At a ministerial meeting of the North Atlantic Council in December 1994, the members of the Alliance stated their willingness “to establish contacts, on a case-by-case basis, between the Alliance and the Mediterranean non-member countries to contribute to the strengthening of the regional stability” (NATO, 1994). This initiative gave birth to the Alliance Mediterranean Dialogue. This partnership forum aims “to promote regional security and stability, achieve better mutual understanding and dispel any misconceptions about NATO in participating countries” (NATO, 2022b). The current members are Algeria, Egypt, Israel, Jordan, Mauritania, Morocco, and Tunisia.

NATO’s (1999) interest in the region continued with the strategic concept of 1999. Article 38 argues the following:

The Mediterranean is an area of particular interest to the Alliance. Security in Europe is closely linked to security and stability in the Mediterranean. NATO’s Mediterranean Dialogue process is an integral part of NATO’s cooperative approach to security. It provides a framework for confidence building, promotes regional transparency and cooperation, and reinforces and is reinforced by other international efforts. The Alliance is committed to developing the political, civil, and military aspects of the Dialogue to achieve closer cooperation with progressively and more active involvement by countries that are partners in this Dialogue.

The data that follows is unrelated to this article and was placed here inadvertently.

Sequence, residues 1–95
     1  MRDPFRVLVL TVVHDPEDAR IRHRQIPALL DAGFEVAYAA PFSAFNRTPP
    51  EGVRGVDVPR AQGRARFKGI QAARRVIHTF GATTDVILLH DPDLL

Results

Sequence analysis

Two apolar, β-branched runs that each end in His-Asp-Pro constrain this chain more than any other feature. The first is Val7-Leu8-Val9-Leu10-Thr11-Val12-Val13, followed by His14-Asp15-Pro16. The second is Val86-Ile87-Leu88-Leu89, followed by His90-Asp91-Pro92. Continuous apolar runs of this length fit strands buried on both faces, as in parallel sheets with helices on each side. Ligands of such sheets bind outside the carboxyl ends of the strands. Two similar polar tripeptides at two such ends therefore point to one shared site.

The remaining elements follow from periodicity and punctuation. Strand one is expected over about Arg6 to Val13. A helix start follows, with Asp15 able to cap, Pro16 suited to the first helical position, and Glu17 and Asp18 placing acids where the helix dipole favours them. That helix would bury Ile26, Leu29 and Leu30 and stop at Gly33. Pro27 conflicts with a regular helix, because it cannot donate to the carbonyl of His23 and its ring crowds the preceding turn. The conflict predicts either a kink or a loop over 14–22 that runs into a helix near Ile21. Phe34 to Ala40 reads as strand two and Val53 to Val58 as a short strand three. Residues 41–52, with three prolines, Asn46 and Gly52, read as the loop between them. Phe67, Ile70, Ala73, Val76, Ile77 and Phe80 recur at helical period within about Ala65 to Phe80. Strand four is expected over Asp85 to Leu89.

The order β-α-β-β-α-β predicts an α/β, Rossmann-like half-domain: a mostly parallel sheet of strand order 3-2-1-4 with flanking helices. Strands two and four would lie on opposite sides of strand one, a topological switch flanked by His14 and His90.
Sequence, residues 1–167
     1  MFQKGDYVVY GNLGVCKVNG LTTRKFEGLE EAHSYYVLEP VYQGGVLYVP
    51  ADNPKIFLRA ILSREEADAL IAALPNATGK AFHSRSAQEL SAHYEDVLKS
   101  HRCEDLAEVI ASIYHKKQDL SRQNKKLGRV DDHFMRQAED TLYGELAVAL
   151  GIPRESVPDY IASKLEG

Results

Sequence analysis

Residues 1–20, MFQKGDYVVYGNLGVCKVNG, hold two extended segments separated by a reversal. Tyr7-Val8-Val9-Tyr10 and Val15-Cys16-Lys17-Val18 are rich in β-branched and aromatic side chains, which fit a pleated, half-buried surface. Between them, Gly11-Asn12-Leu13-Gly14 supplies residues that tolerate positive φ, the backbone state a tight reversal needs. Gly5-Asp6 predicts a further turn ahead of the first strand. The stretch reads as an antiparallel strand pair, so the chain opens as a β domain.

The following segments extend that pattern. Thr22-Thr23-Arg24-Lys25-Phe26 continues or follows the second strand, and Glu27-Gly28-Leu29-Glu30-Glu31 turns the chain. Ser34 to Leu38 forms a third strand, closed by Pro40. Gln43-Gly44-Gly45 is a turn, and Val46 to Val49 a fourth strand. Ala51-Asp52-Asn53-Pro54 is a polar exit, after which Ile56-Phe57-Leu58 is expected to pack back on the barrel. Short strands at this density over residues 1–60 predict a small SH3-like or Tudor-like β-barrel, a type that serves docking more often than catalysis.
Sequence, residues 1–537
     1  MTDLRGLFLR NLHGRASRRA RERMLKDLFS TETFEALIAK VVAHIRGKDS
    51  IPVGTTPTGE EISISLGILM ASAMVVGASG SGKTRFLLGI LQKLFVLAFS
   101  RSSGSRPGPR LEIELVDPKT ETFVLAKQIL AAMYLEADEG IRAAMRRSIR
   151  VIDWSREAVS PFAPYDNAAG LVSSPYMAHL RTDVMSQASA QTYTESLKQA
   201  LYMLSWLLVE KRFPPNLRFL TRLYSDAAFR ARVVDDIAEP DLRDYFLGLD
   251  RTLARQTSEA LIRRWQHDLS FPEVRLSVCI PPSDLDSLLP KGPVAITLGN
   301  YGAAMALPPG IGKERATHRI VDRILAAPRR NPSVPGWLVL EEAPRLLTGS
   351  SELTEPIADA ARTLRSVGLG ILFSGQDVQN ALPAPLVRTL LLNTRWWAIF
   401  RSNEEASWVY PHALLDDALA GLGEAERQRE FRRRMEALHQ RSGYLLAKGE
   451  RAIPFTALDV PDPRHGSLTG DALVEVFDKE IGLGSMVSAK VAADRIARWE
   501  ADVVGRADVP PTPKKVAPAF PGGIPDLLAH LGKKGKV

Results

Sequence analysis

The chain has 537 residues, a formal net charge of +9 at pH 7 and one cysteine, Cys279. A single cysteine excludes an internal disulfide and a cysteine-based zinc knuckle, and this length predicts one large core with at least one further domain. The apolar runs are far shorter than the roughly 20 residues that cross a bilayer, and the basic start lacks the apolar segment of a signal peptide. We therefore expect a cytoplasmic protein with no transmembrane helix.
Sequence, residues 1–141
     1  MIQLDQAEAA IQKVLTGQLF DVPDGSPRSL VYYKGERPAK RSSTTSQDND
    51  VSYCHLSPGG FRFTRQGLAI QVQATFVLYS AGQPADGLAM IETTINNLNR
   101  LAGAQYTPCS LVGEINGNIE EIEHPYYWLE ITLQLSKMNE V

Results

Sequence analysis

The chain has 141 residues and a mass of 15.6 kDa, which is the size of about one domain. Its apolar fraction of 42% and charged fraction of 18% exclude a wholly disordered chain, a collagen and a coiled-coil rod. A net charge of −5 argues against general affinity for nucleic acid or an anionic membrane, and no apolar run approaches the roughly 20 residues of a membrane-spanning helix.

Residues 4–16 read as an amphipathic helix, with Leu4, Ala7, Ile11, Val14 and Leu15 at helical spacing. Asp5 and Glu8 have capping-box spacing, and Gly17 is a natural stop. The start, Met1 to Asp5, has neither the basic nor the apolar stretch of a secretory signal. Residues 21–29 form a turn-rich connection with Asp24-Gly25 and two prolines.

Finally, the strategic concept of 2010 does not make any geographic references. However, it highlights several issues that pertain to the region of the Mediterranean, such as terrorism, protection of communication, transport and transit routes, crises and conflicts beyond NATO’s borders, and the development of friendly and cooperative relations with all countries of the Mediterranean through strengthening the Mediterranean Dialogue and the Istanbul Cooperation Initiative.

NATO’s new strategic concept: Implications for the region of the Eastern Mediterranean